Follow the road as it bears around to your right, ignoring the public footpath signpost in front of you.

You now have a stone wall on your right. The wall consists of two separate ones, with a cavity in the middle. This is filled with smaller stones. Throughout its height it has two lots of through stones which tie in the two outside walls together. The top is finished with some top stones or coping stones which also ties the two outside walls together.

A little way up the road, before you reach the farm, turn left off the road at the public bridleway sign. Walk in the direction this sign is pointing as you cross the field.

Pass a public bridleway marker post as you start to climb. You have what looks like the remains of a ‘sod cast’ on your left. As you reach the brow of the hill you pass another marker post and continue on, following the prominent path as you gradually start to drop down. If there are sheep in the surrounding fields they are more than likely a breed called mules. These brown and white-faced sheep are one of the most popular breeds and are found on much of the lower lying pasture in the UK.

Mules are not really a true breed but a crossbreed between a Blue Faced Leicester father and a Blackface/ Swaledale mother. This breeding improves the productivity quite considerably.

Just before you reach the corner of the field you can see the remains of an old sheep wash and pens.

The sheep pens would have been used to gather the sheep into, so that such jobs as worming can take place. Also in the past you washed your sheep before shearing them. This was often a case of damming a burn and pushing your sheep through the small pond or ‘dip’ that you had created.

Nowadays the fleeces are washed after shearing by the wool manufacturers, during the processing stage.

You reach and pass through a large wooden gate in the corner of the field, walk to the tarmac road and turn left along it with a fence that has fallen into disrepair on your right.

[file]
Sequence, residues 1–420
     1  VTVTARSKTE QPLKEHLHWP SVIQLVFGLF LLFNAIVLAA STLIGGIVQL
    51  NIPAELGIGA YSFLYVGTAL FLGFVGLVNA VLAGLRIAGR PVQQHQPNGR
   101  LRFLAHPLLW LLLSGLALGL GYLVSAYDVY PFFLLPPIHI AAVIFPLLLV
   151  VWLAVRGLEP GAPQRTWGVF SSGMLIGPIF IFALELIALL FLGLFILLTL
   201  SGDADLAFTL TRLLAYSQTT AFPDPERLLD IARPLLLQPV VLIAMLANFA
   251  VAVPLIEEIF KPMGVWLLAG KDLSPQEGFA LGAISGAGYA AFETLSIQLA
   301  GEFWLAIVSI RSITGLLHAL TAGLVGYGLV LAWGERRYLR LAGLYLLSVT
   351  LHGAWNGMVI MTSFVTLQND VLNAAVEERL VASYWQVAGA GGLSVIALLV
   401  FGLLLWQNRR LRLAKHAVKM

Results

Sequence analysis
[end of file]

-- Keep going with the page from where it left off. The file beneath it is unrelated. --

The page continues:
Pass through a large metal gate, taking you through a wall line and as you continue on you have a stone wall on your right.

As you reach the line of trees, turn right off the road, passing through a wooden gate taking you on to the tree-lined lane you walked earlier in the walk. Pass a small marker post on your left, just before the track passes over a small burn. The track rises up and then drops down. At the junction bear right (straight on), walking in the direction of the white arrows. Where the track turns sharply to your right continue straight on, leaving the track as you reach and pass through a small wooden gate.

Continue on the tree-lined grassy track as you drop down, crossing the Vicarage burn, before rising up and passing through the small gate.

Continue on with the fence on your right. As you reach the corner in the fence on your right you turn left along the track, following the white arrows as you retrace your steps.

As you reach the wood on your left, look at the very large stones that have been built into the bottom of the stone wall.

These large boulders will have been moved off the fields as the land became more productive and the wall has been built on top of them.

Continue on with the wall on your left.

Don’t pass through the metal gate in front of you, but turn left and pass through the large wooden gate (public footpath arrow).

Walk across the field heading for the telegraph pole in front of the lower roofed buildings. These lower roofed buildings are located between the large house (on right) and the church (on left).

Turn left alongthe single-track road and pass through the green gate taking you into the church grounds.

After visiting the church pass through the gate and bear left along the road and continue along it, ignoring the path going off to your right.

On your right you have a standing stone in memory of Robert Lorraine who in 1483 was murdered by the Scots at this spot when he was returning home from church. The current stone was erected in 1758 to replace an earlier one.

Continue along the road, cross the cattle grid before you turn left back into the Kirkharle Courtyard car park.